We're going to use a line width brush up here, and these are simpler and finer, so when we size these down, we'll do it by half, I think that's, okay, that looks really nice. We'll select this one, and on this one, we'll do the same one, and I'll go ahead and size this one as well. That's looking good. We'll do this one, don't want to use the same one. Let's try two, and we'll go .3, and that looks pretty good.
So you can see how quickly that goes, and if we zoom in on any of these parts, we're going to have a very authentic-looking design, and you can see we're at an insane ratio of 1500%. We could even go further, push it up to 4000%, and it still looks very, very authentic, because we're not caring about over-optimizing the brushes. We want the aesthetic to be authentic.
We want authenticity over optimization. And I know that may be a little crazy, but in my opinion, in an age where hard drive space is next to nothing and RAM isn't as expensive as it used to be, why not, go for it. So now we're just going to use a tonal family we've established to go ahead and colorize this, so let's go ahead and zoom in just a little bit on this and we'll go ahead and colorize this. All the ones on the right, I want it to be this purple, and all the ones on the left, I want it to be this kind of teal color here.
I want this stroke on the left to be teal, but I want the value to be knocked down, so we'll do 50, this one will be purple as well, but the value needs to match the other side, so we'll do 50 like that. And then the other ones, we're just going to balance out the colors throughout, so on these, I think, both of these, I will make these teal. This one, I think I'll make orange, make this one orange, and the footer, pedestal, whatever you call it, I'll make all these orange.
I want this one, probably the gold, let's try that. Yeah, that looks good. I'll select this line and maybe this one to be the orange too. And then this one is going to be this pinkish, kind of reddish color. Now, I think this is looking really artistic and really fun and really authentic. Now, on something like this, you could select a shape, you could go to a transparency palette and select multiply, and what you're going to end up with is even more kind of transparency effects.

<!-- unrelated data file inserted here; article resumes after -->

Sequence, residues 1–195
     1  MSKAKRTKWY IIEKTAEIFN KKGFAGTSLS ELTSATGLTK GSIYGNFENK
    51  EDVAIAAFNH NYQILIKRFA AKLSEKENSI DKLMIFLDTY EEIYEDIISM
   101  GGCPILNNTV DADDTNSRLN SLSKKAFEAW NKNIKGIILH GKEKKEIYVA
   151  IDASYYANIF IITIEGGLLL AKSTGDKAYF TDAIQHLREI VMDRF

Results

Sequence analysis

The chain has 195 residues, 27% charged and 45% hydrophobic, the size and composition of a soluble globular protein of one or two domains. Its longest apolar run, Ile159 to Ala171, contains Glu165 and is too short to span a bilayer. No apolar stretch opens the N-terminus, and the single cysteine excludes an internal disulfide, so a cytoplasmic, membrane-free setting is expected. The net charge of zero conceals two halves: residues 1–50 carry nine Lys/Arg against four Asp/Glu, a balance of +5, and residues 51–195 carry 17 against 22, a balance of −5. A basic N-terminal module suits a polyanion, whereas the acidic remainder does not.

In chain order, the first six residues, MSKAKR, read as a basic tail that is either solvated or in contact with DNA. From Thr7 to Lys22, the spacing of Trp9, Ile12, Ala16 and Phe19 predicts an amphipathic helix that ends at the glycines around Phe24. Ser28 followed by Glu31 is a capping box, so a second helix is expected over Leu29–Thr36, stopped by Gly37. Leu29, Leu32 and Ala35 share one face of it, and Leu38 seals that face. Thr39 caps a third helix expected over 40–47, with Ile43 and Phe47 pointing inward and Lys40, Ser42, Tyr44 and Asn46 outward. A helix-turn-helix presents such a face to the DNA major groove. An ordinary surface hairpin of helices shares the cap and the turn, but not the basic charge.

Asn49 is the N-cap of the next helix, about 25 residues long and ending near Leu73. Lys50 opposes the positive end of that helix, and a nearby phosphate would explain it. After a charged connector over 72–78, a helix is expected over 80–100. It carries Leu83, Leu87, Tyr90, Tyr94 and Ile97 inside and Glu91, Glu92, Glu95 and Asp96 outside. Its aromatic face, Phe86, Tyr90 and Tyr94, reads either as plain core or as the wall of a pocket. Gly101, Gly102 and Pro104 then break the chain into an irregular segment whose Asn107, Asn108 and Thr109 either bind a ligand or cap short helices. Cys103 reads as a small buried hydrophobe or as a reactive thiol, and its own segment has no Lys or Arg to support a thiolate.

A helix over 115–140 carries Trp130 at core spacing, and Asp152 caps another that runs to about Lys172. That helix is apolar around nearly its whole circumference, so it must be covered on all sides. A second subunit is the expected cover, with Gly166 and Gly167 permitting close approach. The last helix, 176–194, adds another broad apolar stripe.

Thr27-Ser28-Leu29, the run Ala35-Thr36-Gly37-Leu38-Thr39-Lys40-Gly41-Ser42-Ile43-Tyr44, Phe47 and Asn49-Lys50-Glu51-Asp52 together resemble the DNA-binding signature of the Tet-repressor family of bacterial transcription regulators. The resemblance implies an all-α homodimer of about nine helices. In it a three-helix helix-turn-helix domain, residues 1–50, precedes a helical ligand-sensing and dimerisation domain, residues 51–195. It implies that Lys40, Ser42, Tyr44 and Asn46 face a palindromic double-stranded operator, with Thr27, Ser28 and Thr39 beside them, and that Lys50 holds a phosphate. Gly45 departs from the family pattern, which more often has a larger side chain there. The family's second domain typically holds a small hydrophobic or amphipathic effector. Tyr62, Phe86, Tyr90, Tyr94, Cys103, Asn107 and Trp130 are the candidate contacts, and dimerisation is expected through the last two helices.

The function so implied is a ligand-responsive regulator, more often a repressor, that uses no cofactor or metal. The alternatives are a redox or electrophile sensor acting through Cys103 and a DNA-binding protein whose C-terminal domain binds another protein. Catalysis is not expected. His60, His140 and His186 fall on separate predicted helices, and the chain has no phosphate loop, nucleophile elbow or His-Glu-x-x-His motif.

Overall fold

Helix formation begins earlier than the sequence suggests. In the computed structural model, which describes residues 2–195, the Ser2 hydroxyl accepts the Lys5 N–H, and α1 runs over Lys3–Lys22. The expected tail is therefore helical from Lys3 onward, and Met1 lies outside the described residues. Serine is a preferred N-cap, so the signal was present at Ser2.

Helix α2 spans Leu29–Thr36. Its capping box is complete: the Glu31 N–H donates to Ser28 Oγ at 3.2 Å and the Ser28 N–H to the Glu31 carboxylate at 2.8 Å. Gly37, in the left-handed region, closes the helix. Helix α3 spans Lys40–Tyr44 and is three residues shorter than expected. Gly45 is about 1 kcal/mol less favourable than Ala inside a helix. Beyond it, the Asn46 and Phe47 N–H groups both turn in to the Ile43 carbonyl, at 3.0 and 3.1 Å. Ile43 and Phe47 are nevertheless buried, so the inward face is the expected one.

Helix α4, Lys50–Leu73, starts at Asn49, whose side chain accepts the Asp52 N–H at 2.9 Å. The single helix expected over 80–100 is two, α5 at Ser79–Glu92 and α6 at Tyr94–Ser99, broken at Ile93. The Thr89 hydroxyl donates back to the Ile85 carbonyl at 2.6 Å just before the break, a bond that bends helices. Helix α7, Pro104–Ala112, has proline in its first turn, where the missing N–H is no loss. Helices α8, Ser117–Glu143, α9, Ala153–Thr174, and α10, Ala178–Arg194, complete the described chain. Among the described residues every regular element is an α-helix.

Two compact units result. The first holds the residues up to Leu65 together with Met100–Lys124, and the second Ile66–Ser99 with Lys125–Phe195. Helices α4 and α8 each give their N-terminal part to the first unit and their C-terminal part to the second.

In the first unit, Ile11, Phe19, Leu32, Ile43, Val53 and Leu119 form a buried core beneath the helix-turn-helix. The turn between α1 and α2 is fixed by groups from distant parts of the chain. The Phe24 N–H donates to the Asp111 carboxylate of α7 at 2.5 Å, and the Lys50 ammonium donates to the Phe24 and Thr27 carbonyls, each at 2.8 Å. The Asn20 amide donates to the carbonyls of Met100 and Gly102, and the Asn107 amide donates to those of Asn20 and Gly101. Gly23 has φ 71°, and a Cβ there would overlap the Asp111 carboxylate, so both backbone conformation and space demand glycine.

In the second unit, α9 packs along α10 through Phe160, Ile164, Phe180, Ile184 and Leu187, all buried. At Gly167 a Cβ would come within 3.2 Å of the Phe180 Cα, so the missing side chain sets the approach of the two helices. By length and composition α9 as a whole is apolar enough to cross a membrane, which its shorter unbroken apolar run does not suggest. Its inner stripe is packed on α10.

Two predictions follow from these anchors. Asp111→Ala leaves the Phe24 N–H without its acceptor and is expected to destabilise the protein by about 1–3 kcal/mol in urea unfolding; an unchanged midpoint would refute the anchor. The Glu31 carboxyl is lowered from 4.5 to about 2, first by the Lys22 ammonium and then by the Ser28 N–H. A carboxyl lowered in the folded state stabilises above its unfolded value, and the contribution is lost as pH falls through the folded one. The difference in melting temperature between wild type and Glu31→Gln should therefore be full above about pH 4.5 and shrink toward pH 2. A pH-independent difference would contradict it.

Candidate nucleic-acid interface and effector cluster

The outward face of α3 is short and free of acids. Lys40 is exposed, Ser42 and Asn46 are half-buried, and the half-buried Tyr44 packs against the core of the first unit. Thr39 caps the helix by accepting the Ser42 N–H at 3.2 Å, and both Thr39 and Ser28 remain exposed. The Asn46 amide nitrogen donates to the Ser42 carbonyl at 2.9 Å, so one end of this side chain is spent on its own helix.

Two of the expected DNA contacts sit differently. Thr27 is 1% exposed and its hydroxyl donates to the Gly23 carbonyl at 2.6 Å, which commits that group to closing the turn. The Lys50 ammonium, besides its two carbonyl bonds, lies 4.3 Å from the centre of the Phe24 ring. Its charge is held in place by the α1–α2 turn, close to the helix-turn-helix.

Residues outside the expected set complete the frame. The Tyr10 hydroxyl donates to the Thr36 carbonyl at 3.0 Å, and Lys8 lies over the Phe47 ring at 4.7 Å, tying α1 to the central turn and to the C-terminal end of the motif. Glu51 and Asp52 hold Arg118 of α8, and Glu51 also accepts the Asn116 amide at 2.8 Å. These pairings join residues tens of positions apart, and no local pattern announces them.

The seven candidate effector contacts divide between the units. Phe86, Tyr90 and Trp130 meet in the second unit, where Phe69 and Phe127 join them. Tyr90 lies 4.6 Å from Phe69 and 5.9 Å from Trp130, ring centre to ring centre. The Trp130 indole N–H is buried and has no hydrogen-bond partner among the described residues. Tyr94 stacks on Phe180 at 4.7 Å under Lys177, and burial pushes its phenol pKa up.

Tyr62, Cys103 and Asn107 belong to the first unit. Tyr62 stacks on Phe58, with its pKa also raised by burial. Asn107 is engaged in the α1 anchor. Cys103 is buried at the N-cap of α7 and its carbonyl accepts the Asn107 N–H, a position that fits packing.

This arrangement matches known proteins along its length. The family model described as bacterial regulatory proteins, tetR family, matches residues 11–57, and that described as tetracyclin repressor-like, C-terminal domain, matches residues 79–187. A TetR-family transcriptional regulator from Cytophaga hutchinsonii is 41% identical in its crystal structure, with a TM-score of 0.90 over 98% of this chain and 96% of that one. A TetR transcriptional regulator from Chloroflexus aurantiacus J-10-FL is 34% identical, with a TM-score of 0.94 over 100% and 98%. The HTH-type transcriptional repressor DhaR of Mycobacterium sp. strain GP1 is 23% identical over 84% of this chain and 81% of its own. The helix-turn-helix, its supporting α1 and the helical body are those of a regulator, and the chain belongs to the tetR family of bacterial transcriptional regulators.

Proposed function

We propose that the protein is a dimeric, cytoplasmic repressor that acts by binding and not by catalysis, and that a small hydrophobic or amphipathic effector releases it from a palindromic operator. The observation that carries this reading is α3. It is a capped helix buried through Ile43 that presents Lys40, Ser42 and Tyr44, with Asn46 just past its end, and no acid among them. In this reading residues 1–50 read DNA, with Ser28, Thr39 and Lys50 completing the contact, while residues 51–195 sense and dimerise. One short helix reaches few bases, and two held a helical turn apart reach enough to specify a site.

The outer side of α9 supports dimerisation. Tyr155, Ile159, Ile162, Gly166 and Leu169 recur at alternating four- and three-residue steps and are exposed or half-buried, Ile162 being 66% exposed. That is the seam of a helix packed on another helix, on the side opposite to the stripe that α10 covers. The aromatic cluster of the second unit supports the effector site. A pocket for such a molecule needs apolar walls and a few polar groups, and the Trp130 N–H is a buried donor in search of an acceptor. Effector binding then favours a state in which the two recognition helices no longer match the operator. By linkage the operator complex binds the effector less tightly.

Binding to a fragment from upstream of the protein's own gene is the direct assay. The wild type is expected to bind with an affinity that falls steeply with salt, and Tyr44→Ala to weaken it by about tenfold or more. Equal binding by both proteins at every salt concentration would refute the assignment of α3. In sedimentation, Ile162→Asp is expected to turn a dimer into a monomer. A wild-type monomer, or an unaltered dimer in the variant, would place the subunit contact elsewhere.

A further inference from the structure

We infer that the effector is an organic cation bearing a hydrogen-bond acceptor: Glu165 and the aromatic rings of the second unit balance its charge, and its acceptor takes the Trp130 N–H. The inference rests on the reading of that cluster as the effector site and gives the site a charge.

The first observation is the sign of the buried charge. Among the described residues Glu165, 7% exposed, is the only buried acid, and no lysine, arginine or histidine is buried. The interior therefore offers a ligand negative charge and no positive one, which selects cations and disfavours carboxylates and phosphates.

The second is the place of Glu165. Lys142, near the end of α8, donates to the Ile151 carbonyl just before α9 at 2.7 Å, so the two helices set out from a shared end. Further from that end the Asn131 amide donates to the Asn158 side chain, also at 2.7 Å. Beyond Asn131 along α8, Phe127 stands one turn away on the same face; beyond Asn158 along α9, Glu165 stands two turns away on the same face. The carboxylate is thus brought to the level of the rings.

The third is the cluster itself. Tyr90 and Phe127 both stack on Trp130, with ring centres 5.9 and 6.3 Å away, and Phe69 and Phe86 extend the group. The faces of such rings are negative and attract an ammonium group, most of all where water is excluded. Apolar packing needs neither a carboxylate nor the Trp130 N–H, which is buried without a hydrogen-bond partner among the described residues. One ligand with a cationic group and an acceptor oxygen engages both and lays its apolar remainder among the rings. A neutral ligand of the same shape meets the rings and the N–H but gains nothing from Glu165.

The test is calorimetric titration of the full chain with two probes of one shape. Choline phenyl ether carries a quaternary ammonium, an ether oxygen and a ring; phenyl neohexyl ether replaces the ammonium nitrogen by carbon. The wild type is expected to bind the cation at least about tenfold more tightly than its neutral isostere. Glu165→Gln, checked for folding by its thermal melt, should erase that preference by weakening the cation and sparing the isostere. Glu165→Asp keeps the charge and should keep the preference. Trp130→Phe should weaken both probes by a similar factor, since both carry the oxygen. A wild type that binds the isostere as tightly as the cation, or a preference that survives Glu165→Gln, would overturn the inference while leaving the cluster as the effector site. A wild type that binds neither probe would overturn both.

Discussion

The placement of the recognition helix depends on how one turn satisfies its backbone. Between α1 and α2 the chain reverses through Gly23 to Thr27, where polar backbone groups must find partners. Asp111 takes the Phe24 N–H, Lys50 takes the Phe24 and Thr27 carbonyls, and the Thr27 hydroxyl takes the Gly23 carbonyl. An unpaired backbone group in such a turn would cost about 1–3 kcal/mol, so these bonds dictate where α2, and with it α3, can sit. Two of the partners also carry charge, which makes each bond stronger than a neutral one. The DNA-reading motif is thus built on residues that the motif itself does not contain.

That one's pretty subtle, let's go ahead and undo that one. We'll select this one, and I'll show you on this, 'cause this one will be a little more obvious. You can see how you can get some great effects if you do that. Now, on this specific design, because of the way I'm going to use it, I'm not going to do that. But we now have the base artwork that I can move forward and create a compelling graphic design using a very artistic illustrated image, and that's exactly what I did here, and this is a poster or a banner that could hang from a ceiling utilizing this Painterly graphic of a bass violin, and if we zoom in on this, you can see I've even added a nice little drop shadow of it and it overruns this color up here and it looks really, really nice.
Now, I chose to use this kind of base paint color, but maybe it wasn't the best color choice, so, oops, I shifted that around. What you can always do is select it, and it's really easy to mess with an illustration in a composition like this, so I might change these colors and just select a color palette that's more traditional for, in this case, it's the Seattle Symphony, so the Seattle area is called the Evergreen State, so I think if we changed everything, in this case, that is this paint color to a green, I think it's going to work really, really well, and you can see how that turns out there.
So using Painterly vector brushes like this is just a lot of fun. So take the brushes included in this file and try them yourself. Better yet, I challenge you to create your own brushes as well. For more exhaustive information, once again, check out my Painting with Vectors course, that's going to help you a lot more in-depth on even creating your own brushes and utilizing your brushes. So thank you for watching DVG Lab. As always, remember, never stop drawing.
Q: Why can't I earn a Certificate of Completion for this course?
A: We publish a new tutorial or tutorials for this course on a regular basis. We are unable to offer a Certificate of Completion because it is an ever-evolving course that is not designed to be completed. Check back often for new movies.